Other signs include headaches, blurred vision, difficulty adapting to darkness, or haloes around lights. Chronic glaucoma normally develops after age 35.

Anyone who experiences its symptoms should immediately contact an ophthalmologist or go to a hospital emergency room.

Pigmentary glaucoma often exhibits no symptoms at all. You may notice some pain and blurry vision after exercise. Pigmentary glaucoma affects mostly white males in their mid-30s to mid-40s.

It's difficult to spot signs for congenital glaucoma because children are too young to understand. If you notice a cloudy, white, hazy, enlarged or protruding eye, consult your eye doctor. Congenital glaucoma occurs more in boys than girls.

What causes Glaucoma

Glaucoma is caused by a number of different eye diseases and conditions which in most cases produce increased pressure within the eye. Also certain drugs and drug combinations are known to be possible causes of Glaucoma.

For a full list of medications causing Glaucoma go here.
For a full list of drug interactions causing Glaucoma go here.


How is Glaucoma diagnosed

A physical examination of the eye may be used to diagnose glaucoma, but because intraocular pressure fluctuates, examination of the junction of the optic nerve and the retina with an instrument called an ophthalmoscope is necessary.

A standard ophthalmic examination may include:

Retinal examination
Intraocular pressure measurement by tonometry
Visual field measurement
Visual acuity
Pupillary reflex response
Slit lamp examination

How can Glaucoma be treated

Currently, there is no cure for glaucoma, but treatment can control the progression of the disease. The primary goal of treatment is to prevent further damage to the eye by lowering intraocular pressure (IOP) and to ultimately prevent blindness. Treatment of glaucoma may include medications, surgery, or a combination of medication and surgery.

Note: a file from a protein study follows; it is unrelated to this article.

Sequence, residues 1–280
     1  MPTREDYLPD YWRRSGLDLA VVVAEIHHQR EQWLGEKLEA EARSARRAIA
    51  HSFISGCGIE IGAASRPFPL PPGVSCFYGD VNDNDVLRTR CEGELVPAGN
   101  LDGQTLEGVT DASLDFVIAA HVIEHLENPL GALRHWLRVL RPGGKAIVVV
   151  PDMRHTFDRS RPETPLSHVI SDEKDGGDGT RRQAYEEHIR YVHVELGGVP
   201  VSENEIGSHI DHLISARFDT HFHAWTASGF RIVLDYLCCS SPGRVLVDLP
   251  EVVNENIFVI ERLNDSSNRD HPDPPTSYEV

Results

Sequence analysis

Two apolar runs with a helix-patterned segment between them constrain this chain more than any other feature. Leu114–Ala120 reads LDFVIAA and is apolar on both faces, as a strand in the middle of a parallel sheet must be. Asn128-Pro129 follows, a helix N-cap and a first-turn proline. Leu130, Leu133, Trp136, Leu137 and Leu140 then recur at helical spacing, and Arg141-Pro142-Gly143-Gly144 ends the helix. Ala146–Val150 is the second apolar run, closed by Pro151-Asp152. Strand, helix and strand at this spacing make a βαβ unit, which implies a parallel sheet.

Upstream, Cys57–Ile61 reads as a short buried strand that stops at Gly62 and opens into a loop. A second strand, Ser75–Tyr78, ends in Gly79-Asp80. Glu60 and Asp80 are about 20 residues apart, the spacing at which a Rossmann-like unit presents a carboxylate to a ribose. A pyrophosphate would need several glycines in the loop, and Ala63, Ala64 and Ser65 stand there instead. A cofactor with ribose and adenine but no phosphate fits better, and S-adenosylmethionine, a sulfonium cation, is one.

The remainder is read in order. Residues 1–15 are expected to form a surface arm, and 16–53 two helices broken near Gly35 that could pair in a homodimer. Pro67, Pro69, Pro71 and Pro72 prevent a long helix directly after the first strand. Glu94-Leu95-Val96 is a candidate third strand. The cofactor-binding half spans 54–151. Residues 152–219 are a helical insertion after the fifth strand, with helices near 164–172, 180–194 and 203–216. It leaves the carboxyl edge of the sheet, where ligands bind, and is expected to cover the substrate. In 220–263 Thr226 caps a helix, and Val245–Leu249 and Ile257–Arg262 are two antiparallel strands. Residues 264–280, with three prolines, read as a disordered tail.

For open angle glaucoma, topical eye medications (eye drops, gels and ointments) are often used early in the disease followed by oral medications or surgery. Surgery is frequently used in individuals who do not experience adequate lowering of intraocular pressure by the medications or in individuals who experience unwanted side effects from using medications. For closed-angle glaucoma, laser surgery is often performed before a doctor prescribes medications. But, glaucoma medications may also be given after the surgery.

Topical beta-blocking eye medications are commonly used as initial therapy for the treatment of open-angle glaucoma. Additional agents may be added to the beta-blocker if the intraocular pressure (IOP) remains elevated. The choice of the second medication often depends on how well the drug is tolerated, how well it works, and its ease of use. It is important to know that it is possible to require up to four different topical medications to treat glaucoma.

There are several types of topical medications that are used for the treatment of glaucoma. These medications work to lower intraocular pressure (IOP) by either decreasing the amount of aqueous fluid the eye makes or by helping the aqueous fluid drain from the eye. The topical eye drops, gels or ointment may cause burning, stinging, or redness when instilled into the eye, although these side effects are usually tolerable. If you have problems using one topical eye medication, tell your doctor or pharmacist because using a different drug or dosage may be possible.

Medications can be taken by mouth when topical eye medications are not effective at controlling or reducing intraocular pressure (IOP). Medications by mouth may also be used alone or in combination with topical eye medications to lower the pressure. Oftentimes patients experience more side effects with the medications taken by mouth than with topical eye medications.

The following drug classes are used to treat Glaucoma:

Although the present generation of medications for glaucoma can help control the disease, most have side effects, and none, so far, can provide a cure. As a result, research is ongoing, as scientists attempt to devise more effective tactics to fight the disease.